A federal appeals court heard arguments in the case of U.S. veterans who claim they were denied disability benefits after falling ill to radiation exposure. An 81-year-old Nixa man is a key player in the case.
Yale Law School students with the Veterans Legal Services Clinic in Connecticut represent Victor Skaar, a retired U.S. Air Force chief master sergeant. Skaar filed a request with the U.S. Court of Appeals for Veterans Claims in Washington, challenging the U.S. Department of Veterans Affairs’ refusal to provide disability compensation to veterans exposed to ionizing radiation.
“The message is not about this veteran,” Skaar recently told the Headliner News, pointing to himself. “The message is why were 600, 700, 800—up to 1,600 veterans—totally igorned by the VA?”
The court will decide whether a class-action lawsuit can be filed against the Veterans Affairs Department for denying disability claims.
Cleaning up chaos
Radioactive plutonium was released near Palomares, Spain, in January 1966, after a U.S. B-52 bomber and a refueling aircraft collided and crashed. Four hydrogen bombs accidentally crashed to the ground, but did not explode or detonate.
Skaar was one of an estimated 1,600 American servicemen sent in to clean up the aftermath of the accident in Spain, and the radiative remains of the bombs. The job lasted 10 days, Skaar said, in which 5,400 steel barrels of harmful dirt and rock were collected.
The legal complaint explains Skaar’s involvement. Skarr, 29 at the time, was a medical disaster control technician in the Air Force. He was part of a team that collected urine samples from the airmen working at the site of the incident.
“He recalls that it was impossible to follow proper laboratory protocols in the team’s haste to respond to the disaster in difficult field conditions,” the complaint reads.
Skaar’s responsibilities also included using measuring radioactivity with an instrument called a PAC-1 on site of the cleanup.
“This instrument was the highest technology that the United States had to offer to detect radiation,” Skaar said.
The instrument had its issues, however, Skaar said. Designed to detect radiation over flat surfaces like paved asphalt, the (blank) faced accuracy difficulties over Spain’s rugged terrain. Still, it gave Skaar and the rest of the crew the best idea of the level of radiation surrounding them.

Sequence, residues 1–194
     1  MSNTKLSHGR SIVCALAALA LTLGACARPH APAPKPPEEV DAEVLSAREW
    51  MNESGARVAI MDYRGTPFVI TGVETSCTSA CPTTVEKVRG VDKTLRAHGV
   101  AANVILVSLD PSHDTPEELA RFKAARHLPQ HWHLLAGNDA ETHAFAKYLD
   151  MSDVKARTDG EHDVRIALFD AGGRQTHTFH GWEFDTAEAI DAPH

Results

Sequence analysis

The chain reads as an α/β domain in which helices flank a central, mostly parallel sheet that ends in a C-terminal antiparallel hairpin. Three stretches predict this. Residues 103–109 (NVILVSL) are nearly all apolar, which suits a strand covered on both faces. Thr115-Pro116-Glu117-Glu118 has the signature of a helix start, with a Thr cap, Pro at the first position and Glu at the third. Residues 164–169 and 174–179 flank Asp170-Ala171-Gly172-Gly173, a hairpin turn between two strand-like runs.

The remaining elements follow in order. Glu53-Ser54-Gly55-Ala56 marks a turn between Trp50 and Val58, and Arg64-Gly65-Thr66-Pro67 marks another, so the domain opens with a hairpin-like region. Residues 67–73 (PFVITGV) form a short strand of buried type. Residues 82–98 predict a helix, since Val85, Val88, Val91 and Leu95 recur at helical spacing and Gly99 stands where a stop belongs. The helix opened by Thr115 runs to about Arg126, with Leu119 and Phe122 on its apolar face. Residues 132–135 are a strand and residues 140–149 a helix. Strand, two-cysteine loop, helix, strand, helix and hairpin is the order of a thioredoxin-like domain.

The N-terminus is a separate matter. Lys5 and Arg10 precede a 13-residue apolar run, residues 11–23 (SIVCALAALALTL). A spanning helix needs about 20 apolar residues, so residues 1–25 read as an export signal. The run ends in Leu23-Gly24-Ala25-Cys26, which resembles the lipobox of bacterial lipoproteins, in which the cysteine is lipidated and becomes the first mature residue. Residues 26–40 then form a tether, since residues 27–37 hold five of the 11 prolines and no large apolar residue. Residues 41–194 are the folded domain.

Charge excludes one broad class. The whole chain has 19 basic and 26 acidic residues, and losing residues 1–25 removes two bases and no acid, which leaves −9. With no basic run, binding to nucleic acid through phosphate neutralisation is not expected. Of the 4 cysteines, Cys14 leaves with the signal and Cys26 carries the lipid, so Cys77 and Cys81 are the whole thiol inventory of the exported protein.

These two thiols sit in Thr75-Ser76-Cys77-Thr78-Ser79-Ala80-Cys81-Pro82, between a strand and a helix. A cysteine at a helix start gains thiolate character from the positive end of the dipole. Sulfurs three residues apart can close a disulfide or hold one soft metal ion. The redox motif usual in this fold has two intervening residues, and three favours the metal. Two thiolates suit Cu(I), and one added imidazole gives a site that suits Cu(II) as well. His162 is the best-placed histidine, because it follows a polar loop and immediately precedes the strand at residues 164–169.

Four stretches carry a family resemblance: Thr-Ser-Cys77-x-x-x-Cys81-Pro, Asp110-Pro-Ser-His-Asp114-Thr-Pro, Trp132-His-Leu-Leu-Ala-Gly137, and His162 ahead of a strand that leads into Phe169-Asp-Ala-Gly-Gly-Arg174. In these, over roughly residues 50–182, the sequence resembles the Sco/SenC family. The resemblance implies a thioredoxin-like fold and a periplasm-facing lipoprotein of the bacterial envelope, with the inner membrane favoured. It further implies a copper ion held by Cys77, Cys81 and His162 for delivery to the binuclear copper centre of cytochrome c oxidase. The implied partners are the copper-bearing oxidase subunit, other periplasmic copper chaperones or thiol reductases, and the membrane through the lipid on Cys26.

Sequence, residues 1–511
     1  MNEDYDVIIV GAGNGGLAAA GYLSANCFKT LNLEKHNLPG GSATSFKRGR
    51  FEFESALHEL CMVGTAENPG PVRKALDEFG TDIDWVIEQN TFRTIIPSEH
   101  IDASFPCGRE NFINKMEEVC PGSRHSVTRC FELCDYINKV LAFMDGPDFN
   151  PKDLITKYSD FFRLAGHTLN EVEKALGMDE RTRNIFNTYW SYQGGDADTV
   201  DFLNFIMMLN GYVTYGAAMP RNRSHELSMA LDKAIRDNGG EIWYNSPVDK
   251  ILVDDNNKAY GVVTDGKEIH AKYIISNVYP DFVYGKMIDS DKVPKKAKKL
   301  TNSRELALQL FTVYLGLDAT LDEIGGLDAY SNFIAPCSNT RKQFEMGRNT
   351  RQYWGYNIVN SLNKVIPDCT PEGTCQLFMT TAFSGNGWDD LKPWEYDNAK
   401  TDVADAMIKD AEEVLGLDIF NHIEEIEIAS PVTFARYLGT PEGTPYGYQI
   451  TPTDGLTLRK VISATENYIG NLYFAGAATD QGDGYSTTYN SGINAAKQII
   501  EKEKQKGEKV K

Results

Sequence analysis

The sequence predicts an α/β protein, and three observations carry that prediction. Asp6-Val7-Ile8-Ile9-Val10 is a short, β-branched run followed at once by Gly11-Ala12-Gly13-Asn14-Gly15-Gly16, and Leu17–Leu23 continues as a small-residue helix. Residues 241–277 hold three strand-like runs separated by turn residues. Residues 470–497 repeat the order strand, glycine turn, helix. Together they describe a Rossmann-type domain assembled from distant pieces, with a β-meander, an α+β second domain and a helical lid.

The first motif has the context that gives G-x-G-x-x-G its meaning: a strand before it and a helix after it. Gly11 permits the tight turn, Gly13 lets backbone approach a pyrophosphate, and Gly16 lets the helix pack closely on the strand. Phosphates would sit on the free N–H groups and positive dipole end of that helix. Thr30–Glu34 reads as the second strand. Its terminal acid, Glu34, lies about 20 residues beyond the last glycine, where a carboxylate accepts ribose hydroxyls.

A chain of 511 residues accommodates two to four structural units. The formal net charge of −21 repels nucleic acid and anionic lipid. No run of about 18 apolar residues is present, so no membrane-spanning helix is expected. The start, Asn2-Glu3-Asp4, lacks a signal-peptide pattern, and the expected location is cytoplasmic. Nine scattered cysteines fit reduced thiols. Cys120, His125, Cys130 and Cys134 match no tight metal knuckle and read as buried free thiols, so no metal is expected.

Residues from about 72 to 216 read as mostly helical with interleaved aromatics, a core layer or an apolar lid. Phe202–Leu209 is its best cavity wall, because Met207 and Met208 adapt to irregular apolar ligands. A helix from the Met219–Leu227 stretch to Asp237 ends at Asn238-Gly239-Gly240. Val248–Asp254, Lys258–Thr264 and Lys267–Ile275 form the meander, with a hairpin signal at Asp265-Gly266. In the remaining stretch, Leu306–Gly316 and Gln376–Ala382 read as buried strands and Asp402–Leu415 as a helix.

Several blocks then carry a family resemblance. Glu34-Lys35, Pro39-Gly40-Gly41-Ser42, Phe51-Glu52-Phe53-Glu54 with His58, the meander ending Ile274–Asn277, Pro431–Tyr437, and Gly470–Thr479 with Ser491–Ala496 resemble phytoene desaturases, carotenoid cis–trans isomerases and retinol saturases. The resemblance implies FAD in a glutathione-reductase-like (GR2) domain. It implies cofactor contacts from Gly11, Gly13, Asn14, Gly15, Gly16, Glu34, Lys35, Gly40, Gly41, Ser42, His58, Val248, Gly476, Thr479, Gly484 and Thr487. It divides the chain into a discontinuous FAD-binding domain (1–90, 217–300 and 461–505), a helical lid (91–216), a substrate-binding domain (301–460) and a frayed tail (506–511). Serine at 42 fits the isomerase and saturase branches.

“This peaked out, pegged if you will, at one million counts per minute,” Skaar said. “There were rocks that would measure—that had been irradiated—punctured with enough energy to be radioactive themselves. It was scary.”
The men’s protection was scary, too. Skaar shared several photos with the Headliner depicting men in white coveralls and surgeon’s masks. Only a handful of the crew, he added, were privileged with respiratory masks.
“We did everything we could, given the circumstances, to protect public health, but the statement has been made, and I can’t dispute that, that they were not given adequate—we were not provided adequate treatment to provide 100 percent protection,” Skaar said.
Further, the men also did not have time to educate themselves regarding radiation’s dangers.
“Sure, they were concerned, but we had to do what we had to do,” Skaar said. “It was, ‘Just watch your hands and make sure you’re trying to not breath that stuff.”
Over 50 years later, Skaar believes many of his health complications, and possibly other veterans’, are due to the radiation exposure during the cleanup.
“Mr. Skaar has battled leukopenia, skin cancer, and prostate cancer since Palomares,” the complaint states.
But while the U.S. Department of Veterans Affairs recognizes certain cancers being links to radiogenic conditions, it does not recognize the cleanup operations at Palomares as a “radiation-risk activity,” thereby stopping veterans from demonstrating the link between diseases and the Palomares cleanup.
“No one’s listening to us about it and taking our word for what happened,” Skaar said in a 2017 interview with the Headliner about the veterans who worked the Palomares site. “There’s no question about the fact we were there and no question about the fact we were exposed.”
In 1997, the doctors at the Cancer Institute diagnosed Skaar with leukopenia, which is a low white blood cell count.
The doctor “said it was caused by exposure to radiation,” Skaar said. “But the VA would not accept that.”
For now, Skaar and the rest of the veterans he’s fighting for are stuck in a waiting period following a Sept. 25 hearing before the U.S. Court of Appeals of Veterans Claims.
Skaar further addressed the case, which he hopes will see additional action in the next three to four months. He knows it can go one of two ways.
“Hopefully, it won’t be remanded, because I already told my attorneys I’m not interested in going back to the VA system. The second thing is they may adjudicate, and that’s what we hope,” Skaar said. “I suspect that my particular claim, which brought us to that level, will be denied because of my age. …That’s okay with me, because I’m not into this thing for any kind of compensation, but I want out of this and what they want to focus on is this class action, and that’s why the court is really asking the VA … why won’t you accept this small group of veterans?”